In Brief

Man Utd record revenues can cushion Champions League blow

Old Trafford on course to turnover £500m in a single year, but will it arrest share price slump?

Manchester United posted record second-quarter revenues of £133.8m and profits of £18.6m.

Executive vice-chairman Ed Woodward announced the much-needed good news as he sought to alleviate fears over the club's performance on the field.

The positive financial results come amid uncertainty over the future of manager Louis van Gaal and fears United will miss out on the Champions League next season. On Monday, the club's shares slipped below the $14 mark for the first time since floating on the New York Stock Exchange in 2012.

However, the club's finances are in good order. Commercial revenues rose 42.5 per cent to £66.1m for the quarter and broadcast revenues were up 31.3 per cent at £37.3m. Total revenues for the last six months of 2015 were £257.4m, up from £194.4m in 2014.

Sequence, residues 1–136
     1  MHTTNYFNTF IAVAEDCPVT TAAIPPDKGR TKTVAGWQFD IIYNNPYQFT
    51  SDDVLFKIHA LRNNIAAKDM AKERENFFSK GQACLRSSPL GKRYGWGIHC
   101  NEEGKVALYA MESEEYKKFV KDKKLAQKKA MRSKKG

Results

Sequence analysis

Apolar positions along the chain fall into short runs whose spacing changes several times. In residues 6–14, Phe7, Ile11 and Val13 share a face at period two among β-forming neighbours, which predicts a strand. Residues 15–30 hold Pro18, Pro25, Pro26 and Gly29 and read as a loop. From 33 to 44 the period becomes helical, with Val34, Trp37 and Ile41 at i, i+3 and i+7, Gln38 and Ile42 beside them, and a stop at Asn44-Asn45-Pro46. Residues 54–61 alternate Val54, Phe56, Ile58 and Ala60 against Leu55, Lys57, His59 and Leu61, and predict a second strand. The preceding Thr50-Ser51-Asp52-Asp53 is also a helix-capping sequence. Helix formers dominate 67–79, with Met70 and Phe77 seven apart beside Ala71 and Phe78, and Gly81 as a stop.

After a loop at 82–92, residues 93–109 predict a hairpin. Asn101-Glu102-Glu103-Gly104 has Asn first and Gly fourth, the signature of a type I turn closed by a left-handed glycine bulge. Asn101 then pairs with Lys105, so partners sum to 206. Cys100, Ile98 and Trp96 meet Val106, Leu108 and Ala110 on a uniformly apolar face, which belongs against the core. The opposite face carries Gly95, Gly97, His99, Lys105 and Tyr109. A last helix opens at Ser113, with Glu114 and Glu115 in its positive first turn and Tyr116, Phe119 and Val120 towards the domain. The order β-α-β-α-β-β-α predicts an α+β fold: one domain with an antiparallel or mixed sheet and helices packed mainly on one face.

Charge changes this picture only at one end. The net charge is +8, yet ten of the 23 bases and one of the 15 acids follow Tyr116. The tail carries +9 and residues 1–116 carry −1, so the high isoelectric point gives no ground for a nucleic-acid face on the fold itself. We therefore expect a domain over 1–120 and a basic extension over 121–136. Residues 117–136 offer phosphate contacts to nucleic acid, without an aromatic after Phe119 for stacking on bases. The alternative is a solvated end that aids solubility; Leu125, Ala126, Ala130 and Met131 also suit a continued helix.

United also have money tucked away, notes The Guardian. "The results show that the club is sitting on a war chest of £121.6m, up from £37m a year ago, which could come in useful in offsetting the loss of income from Champions League football should they fail to make the top four this season."

Woodward made it clear strong finances were vital to United's success elsewhere. "Our strong commitment to investing in our squad, youth academy and the broader club are ultimately underpinned by our financial strength and the hard work and dedication of everyone at the club," he said. "Our solid results off the pitch help contribute to what remains our number one priority – success on the pitch."

The results mean "United are still on course to become the first British club to earn more than half a billion pounds in one year - even if matters on the pitch continue to fluctuate", says the Daily Telegraph.

The positive financial news "should help arrest the decline in the club's shares", says Telegraph business reporter Mehreen Khan, but turmoil on the global markets will not help when trading begins.

United's shares were at the lowest point for three years on Monday, notes the Daily Mail, which adds that the price "has dropped by nearly a quarter since Sir Alex Ferguson retired as manager in May 2013".

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